The French government has just published a decree banning the use of terms like "steak", "spare ribs" and "ham" on plant-based foods. Sausages and "poultry nuggets" will escape the ban so long as the plant protein content is less than 6%.
It's not that the French are so stupid that they don't know which is meat from dead cattle and which is "plant-based steak", a label that has been used in French supermarkets for at least 40 years.
French agriculture minister Marc Fesneau comes close to suggesting that with his talk about "helping shoppers with the issue of honesty and transparency", but everybody knows what his game really is.
It's about handicapping the fake meat industry: if you can't say "plant-based steak", how do the customers know what it's meant to be a replacement for?
Well, those customers are vegans, or at least people trying to cut down on the amount of meat in their diets. They deserve to be confused because they are betraying and undermining the meat industry. Let them buy their "plant-based X", and choke on it.
Governments are playing the same game all over the West. The journal One Earth analysed US and European Union agricultural policies 2014-2020 and found that only one-thousandth of the public money spent on helping the meat and dairy industry went to plant-based alternatives.
EU cattle farmers, by contrast, get at least 50% of their income from direct government subsidies. "The power of the animal farming sector, both in the US and in Europe, and the political influence they have is just gigantic," said Dr Eric Lambin of Stanford University, the co-author of the study.
But don't people in the meat industry understand that meat production will have to shrink drastically as climate change accelerates? That cattle specifically are responsible for almost one-tenth of all greenhouse-gas emissions, more than all other food production combined? Don't they realise that they are a "sunset industry"?
Of course, they do. Not your average cattle farmer, of course: most of them are in denial. But the techs and the bosses of "Big Meat" -- the transnationals like Tyson Foods and Cargill (headquartered in the United States), JBS and BRF (Brazil), Vion Food Group (Netherlands) and the WH Group (China) -- know exactly what the future holds.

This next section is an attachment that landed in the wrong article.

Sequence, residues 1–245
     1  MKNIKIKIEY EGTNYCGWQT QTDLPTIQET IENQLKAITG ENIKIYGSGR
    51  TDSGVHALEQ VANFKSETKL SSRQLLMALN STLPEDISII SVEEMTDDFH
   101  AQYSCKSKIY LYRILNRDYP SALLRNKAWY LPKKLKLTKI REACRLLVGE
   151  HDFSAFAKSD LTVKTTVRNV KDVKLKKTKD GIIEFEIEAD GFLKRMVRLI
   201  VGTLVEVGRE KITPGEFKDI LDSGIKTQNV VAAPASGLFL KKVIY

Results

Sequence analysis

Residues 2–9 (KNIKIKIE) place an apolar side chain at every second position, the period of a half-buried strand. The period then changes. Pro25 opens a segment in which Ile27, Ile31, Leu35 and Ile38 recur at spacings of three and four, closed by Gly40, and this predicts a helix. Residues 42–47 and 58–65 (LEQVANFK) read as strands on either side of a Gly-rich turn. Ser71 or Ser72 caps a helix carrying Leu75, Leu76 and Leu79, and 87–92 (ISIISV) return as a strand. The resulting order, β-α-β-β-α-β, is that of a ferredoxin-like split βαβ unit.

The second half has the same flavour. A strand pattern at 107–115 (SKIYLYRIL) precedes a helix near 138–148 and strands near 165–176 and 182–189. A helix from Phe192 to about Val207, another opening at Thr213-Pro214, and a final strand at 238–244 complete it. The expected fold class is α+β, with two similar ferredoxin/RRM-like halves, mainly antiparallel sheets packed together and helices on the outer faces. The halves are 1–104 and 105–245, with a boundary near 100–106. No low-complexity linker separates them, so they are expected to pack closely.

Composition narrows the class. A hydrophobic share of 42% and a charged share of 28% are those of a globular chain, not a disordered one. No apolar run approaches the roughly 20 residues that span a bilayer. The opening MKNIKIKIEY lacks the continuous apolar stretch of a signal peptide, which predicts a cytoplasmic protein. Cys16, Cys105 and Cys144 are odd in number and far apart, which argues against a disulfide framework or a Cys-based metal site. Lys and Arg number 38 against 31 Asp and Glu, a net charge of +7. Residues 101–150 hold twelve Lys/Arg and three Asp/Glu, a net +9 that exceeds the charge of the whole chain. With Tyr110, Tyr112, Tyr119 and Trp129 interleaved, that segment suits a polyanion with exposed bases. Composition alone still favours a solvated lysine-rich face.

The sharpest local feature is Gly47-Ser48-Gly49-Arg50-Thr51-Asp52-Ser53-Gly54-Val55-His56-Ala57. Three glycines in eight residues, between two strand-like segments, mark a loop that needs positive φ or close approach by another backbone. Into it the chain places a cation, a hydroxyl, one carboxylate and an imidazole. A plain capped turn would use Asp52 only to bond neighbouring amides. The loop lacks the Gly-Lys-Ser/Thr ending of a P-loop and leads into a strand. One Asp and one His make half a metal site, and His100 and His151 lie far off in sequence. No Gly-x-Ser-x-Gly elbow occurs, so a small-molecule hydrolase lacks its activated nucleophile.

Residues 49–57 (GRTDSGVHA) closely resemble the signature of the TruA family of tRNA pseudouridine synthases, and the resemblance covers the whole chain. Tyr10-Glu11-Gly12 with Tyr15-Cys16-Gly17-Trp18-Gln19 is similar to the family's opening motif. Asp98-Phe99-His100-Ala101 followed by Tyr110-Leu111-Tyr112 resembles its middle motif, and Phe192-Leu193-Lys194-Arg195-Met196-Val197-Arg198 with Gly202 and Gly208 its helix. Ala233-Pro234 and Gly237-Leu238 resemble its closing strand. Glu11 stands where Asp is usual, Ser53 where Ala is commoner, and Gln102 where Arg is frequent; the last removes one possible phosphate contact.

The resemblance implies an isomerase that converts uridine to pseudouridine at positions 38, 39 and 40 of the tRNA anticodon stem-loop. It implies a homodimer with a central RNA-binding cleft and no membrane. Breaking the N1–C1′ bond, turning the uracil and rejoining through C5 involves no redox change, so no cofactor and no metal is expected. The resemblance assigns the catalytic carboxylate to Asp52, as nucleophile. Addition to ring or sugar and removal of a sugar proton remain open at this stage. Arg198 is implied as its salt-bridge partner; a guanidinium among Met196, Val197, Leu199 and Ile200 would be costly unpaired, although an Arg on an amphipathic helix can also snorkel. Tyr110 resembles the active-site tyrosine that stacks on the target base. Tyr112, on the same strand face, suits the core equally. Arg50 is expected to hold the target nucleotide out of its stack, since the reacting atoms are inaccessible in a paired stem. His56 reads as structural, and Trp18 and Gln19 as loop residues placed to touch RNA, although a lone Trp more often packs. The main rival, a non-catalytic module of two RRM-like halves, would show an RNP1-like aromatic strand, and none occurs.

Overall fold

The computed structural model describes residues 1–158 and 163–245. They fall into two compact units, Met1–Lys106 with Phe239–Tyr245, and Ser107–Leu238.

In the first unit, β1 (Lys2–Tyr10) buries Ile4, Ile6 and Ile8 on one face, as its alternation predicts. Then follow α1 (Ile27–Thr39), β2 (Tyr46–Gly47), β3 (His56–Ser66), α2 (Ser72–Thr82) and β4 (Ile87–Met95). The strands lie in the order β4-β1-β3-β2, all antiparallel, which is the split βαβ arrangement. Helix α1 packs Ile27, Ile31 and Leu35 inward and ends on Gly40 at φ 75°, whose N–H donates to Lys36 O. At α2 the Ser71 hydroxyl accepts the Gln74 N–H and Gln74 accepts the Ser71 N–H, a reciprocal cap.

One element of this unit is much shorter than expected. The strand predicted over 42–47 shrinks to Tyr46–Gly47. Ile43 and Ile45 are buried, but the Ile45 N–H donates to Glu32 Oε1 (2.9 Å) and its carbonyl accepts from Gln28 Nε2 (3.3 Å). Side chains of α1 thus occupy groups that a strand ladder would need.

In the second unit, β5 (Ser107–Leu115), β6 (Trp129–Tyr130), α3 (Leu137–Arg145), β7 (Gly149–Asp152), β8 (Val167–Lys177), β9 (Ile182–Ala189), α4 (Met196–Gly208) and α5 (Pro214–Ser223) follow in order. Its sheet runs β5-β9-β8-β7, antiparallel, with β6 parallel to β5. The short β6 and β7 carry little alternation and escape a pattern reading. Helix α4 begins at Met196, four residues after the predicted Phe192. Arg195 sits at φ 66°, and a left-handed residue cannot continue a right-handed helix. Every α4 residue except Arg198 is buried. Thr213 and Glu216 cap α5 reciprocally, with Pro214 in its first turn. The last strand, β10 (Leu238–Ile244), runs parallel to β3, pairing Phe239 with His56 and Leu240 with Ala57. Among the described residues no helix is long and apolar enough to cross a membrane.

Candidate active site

They know that humankind has appropriated 40% of the land surface of the planet for its agriculture (up from 7% in 1700), removing both the trees and most of the original wildlife and replacing them with our own crops and food animals.
They know that half of the world's agricultural land is devoted just to growing food for cattle. Yes, half. And they know that those cattle burp out enormous quantities of methane, the fastest-acting greenhouse gas.
They know that the pressure to return that half of the farmland to nature ("rewild it") will grow and grow, because it's the last hope for preserving a reasonable range of biodiversity on the planet. When those activists eventually get together with the people who are trying to cut emissions, beef and dairy production will go into retreat -- but the question is when?
Because Big Meat also knows that Big Oil managed to go on making huge profits for fifty years after it knew the writing was on the wall. Only now, finally, is it being forced into a managed retreat.
Way back in 1977, ExxonMobil's scientists accurately predicted a global temperature rise of 0.2C per decade if fossil fuel use continued on its present trajectory. They also understood what that meant for the climate. Knowing all that, they nevertheless waged a campaign of denial and distraction that prevented any serious action for half a century.
It was doomed to fail in the end, and the end is fast approaching now. Electric vehicles will take over, and vehicles provide half the demand for oil. But any individual senior executive in the oil industry makes their pile in 20 years or less, so generations of them have flourished while the end was endlessly delayed.
Big Meat's senior execs doubtless think that way too, so stand by for a long campaign of slander against plant-based protein and its far more formidable rival, "food from the air" or "farmfree" food, based on protein produced by "precision fermentation" that requires no land beyond the hardstand that the bioreactor sits on.
But Big Meat will lose a lot quicker, because farmfree food requires no land beyond the hardstand that the bioreactor sits on, and it is almost infinitely flexible.
This nascent industry may concentrate on animal feed at first to build up volume production and bring the price down, but it's high-quality, tasteless protein that can be given any texture and taste cooks can think of. Here comes the Revolution. Again.